Cadillac swung for the fences with the CT6 because it featured a novel rear-wheel drive platform and an unique twin-turbo 4.2-liter V8 engine.
The engine, known as the Blackwing, was put in within the range-topping CT6-V and was set to be shared with a handful of different Cadillacs. Nonetheless, destiny intervened and the engine turned an orphan because the CT6 was axed in North America.
Road & Track has taken a deep dive into the ill-fated CT6 and its Blackwing V8 engine. The entire article is price studying, however we’ll point out a few of highlights right here.
Additionally Learn: Cadillac Has No Future Plans For Blackwing Engine But Will Retain The Name
The story begins within the early 2010’s as GM felt Cadillac was lastly prepared to supply a flagship sedan. This led to the event of the Omega platform and the CT6 which debuted in 2015.
Whereas the Omega platform will die with the CT6, that wasn’t presupposed to occur. As a substitute, the publication says there have been “concrete” plans for a manufacturing model of the Escala concept in addition to a big crossover that might be way more civilized than the Escalade. The crossover would have shared engines with the CT6 – together with the Blackwing – and its doubtless the manufacturing Escala would too.
Nonetheless, the world was altering and customers wished crossovers as an alternative of sedans. This had a huge impact on Cadillac as Omega-based vehicles immediately didn’t make sense. This had a ripple impact as one insider defined, “When you didn’t have the sedans, the sport-utilities bought increasingly more costly. Sooner or later, financially, it simply wasn’t a very good technique, so one after the other, these Omega derivatives disappeared, and ultimately, the CT6 was left all by itself.”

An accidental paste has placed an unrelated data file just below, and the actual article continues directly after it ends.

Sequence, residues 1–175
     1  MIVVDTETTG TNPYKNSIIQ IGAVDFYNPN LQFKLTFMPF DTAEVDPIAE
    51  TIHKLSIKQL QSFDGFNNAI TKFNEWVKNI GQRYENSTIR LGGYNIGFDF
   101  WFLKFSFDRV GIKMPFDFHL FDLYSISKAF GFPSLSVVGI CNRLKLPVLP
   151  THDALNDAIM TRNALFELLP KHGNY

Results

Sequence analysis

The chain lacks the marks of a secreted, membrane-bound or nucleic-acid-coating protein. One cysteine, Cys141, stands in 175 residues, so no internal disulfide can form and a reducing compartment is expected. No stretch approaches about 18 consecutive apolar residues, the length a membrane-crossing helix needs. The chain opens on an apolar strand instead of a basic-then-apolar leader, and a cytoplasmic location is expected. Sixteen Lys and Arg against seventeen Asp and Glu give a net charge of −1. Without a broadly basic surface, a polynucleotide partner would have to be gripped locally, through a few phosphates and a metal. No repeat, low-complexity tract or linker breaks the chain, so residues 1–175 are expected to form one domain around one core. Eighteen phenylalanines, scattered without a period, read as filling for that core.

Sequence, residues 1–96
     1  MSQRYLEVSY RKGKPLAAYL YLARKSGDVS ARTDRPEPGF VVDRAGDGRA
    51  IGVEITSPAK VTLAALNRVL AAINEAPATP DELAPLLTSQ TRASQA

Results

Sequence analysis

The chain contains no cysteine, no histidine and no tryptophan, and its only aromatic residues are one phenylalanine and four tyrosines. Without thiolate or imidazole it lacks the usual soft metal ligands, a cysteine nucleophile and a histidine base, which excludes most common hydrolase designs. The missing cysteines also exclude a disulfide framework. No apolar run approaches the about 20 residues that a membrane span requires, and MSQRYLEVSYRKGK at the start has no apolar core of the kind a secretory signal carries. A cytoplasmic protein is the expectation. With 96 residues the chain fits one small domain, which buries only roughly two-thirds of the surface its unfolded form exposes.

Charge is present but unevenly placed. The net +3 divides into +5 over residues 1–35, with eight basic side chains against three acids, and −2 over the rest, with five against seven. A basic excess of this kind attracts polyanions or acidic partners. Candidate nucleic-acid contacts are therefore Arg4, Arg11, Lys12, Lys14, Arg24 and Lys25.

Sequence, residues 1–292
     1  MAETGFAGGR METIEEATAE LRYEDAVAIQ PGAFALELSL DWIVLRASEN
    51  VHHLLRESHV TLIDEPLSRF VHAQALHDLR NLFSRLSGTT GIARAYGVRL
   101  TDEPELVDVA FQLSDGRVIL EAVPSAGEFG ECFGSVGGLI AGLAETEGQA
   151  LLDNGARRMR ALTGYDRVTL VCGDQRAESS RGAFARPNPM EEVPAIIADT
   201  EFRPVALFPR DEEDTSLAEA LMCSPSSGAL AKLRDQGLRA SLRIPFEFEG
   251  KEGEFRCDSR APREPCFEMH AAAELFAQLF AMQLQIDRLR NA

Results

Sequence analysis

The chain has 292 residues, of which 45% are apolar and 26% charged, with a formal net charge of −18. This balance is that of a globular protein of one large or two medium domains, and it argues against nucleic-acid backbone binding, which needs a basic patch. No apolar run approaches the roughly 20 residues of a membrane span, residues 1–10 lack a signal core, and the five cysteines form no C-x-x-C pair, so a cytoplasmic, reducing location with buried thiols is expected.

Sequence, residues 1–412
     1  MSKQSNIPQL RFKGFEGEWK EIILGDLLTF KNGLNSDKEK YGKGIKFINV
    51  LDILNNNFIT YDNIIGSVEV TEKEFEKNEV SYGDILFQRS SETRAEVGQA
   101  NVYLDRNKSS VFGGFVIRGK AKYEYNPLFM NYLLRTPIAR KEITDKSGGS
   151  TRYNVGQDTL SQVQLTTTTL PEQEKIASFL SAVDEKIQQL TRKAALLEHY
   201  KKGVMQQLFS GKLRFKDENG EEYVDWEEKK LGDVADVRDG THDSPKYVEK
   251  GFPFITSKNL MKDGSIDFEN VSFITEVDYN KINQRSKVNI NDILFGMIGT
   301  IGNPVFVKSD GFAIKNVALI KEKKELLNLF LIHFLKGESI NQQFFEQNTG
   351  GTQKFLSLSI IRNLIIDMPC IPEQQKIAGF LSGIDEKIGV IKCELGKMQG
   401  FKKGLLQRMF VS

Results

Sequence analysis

As all of this was occurring, growth of the Blackwing engine continued. Whereas the publication notes it’s shocking the V8 really made it into manufacturing, it was a expensive endeavor as one supply estimated GM spent roughly $16 (£12.7 / €14.2) million on its growth.
That’s clearly a foul return on funding as Cadillac solely constructed 800 vehicles with the engine. This equates to $20,000 (£15,910 / €17,755) per automobile and one thing the corporate might most likely by no means justify even with the CT6-V’s close to six-figure price ticket.
In fact, that’s simply a part of the story and you’ll check out the rest here.